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Work Place Theft

   Statistics about work place theft show that employees regularly steel from employers. Work place theft can cause substantial losses. Some statistics indicate that employers lose more from employee theft than from non-employee theft.

   Employee theft is a big problem because employees have much greater access than the general public to business cash, merchandise, internal books, bank accounts, credit card systems, etc. In essence, employee theft is an inside job.

   Work place theft takes many forms. Some of the general categories are: Theft of cash, theft of merchandise, theft of time. Employees sometimes setup fake vendor accounts, make payments to those accounts, and then access the money paid to those fake vendors. Bookkeepers can stash money in hidden accounts and access the deposits.  Money can be taken directly from cash registers, and, in some cases, a cashier can overcharge a customer to prevent the register from appearing to be unbalanced.  Warehouse workers may work with little supervision around large quantities of merchandise.

   An employee can have a friend punch a time clock for him or her but not be present and working. Employees can take extended paid breaks or leave an unsupervised office to run personal errands. They can also do personal activities while on the clock, such as texting, searching the internet, or playing on social media. In bars and restaurants, I have heard that a bartender can bring in liquor from home and receive cash payment without even presenting a bill, or the bartender can draft a handwritten or other unofficial bill. When that happens, the business liquor stock remains the same, but the transaction is never officially tallied, allowing the bartender to keep the proceeds.

How can employers battle work place theft?  Try one or more of these things to help prevent work place theft:

  1. Set up cameras in key areas. In California, employers may use cameras to monitor employees in places where they have no reasonable expectation of privacy.  For instance, employers should not put cameras in bathrooms.
  2. Have independent outside investigators or accountants review company books.
  3. Don’t let one employee control multiple aspects of money collection and book keeping.
  4. Do not let employees work alone in places where they have access to sensitive information, cash, or merchandise.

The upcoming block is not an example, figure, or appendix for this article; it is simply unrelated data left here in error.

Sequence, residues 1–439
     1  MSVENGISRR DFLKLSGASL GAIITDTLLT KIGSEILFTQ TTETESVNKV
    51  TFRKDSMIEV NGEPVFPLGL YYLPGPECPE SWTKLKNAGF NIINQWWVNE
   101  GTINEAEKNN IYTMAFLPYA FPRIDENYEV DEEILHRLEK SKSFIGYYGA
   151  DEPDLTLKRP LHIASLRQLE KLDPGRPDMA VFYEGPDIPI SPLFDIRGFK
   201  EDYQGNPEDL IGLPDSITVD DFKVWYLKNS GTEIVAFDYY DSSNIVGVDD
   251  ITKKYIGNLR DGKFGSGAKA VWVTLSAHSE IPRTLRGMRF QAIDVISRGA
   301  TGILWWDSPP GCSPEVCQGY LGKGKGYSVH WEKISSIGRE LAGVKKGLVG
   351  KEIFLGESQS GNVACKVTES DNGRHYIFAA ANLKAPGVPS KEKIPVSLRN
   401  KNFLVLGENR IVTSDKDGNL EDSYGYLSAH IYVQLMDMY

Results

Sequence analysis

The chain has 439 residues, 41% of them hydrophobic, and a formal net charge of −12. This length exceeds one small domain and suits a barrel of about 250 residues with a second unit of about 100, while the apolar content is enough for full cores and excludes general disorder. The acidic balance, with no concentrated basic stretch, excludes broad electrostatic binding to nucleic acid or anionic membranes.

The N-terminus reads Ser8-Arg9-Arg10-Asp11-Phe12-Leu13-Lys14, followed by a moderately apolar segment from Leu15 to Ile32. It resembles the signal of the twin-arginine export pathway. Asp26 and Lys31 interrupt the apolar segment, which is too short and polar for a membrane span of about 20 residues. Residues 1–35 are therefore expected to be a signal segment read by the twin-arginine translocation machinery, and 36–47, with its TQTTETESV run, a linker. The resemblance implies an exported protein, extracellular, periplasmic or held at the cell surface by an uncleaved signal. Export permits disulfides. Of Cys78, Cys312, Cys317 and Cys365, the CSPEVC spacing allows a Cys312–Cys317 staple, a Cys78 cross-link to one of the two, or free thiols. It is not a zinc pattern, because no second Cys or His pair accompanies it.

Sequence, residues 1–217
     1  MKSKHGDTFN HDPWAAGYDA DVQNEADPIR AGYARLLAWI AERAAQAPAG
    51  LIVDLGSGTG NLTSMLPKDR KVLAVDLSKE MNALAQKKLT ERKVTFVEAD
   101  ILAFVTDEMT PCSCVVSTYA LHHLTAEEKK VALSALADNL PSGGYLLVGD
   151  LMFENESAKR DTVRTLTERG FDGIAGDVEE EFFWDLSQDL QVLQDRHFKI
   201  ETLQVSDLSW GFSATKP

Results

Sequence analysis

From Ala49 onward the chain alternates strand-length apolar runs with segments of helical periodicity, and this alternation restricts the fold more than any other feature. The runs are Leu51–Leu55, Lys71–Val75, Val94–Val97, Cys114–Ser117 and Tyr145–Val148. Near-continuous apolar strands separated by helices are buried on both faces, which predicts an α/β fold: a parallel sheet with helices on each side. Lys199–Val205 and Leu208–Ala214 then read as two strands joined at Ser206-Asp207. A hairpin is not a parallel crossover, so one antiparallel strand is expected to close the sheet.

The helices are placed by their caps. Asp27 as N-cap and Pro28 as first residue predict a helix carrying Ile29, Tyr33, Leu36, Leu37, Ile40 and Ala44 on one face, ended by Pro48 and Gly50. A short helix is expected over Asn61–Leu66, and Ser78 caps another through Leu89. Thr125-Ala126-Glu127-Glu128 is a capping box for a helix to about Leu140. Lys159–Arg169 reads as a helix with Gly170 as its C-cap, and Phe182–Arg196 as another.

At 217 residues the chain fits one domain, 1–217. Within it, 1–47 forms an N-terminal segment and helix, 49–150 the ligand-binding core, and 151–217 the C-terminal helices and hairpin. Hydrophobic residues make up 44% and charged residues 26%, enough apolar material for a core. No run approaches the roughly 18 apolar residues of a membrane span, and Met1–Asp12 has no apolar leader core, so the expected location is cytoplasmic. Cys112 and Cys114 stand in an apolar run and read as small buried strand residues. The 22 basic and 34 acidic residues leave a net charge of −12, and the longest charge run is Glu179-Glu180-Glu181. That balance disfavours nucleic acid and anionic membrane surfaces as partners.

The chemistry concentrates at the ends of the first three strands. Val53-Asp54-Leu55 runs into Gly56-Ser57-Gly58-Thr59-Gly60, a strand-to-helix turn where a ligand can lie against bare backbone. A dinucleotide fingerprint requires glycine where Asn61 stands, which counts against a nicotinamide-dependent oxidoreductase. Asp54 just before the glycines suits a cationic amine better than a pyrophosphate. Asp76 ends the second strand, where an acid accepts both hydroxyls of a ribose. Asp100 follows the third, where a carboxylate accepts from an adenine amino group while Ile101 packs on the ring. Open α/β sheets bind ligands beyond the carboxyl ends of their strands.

5. Institute expense payment procedures that are reviewed by two or more people.
  6. Set up a system for checking cash register balances. For instance, many retail stores require a cashier who begins a new shift to certify the register balance and have a manager sign off on it.
  7. Consider only allowing the owner or top manager to sign checks and issues payments to vendors.
  8. Randomly audit cash registers, financial information, receipts, and vendor payments.
  9. Screen applicants carefully. Call their references and former employers. Do criminal background checks but be aware of Ban-the-Box rules in your state.  For instance, California does not allow criminal background checks until the employer has extended an offer of employment. That requirement applies to employers who have at least 5 employees.
  10. Have a reward system for employees who report theft.
  11. Have a written discipline policy that addresses theft issues.

“Wage Theft” describes practices that employers use to under pay employees. Although not normally labeled “Work Place Theft”, many states have passed anti-wage theft laws. Acts of wage theft may include: off-the-clock work, not paying minimum wage, failure to pay overtime, and other related practices.

   This article also appears in Big Blend’s Parks & Travel Magazine: https://issuu.com/bigblendmagazines/docs/finalparks_travelmagaug-sept2018?e=14625773/63514014

 

S. Ward Heinrichs, Esq.
Employment Law Office of Ward Heinrichs
4565 Ruffner Street, Suite 207
San Diego, CA 92111
858-292-0792
(858) 408-7543 (fax)

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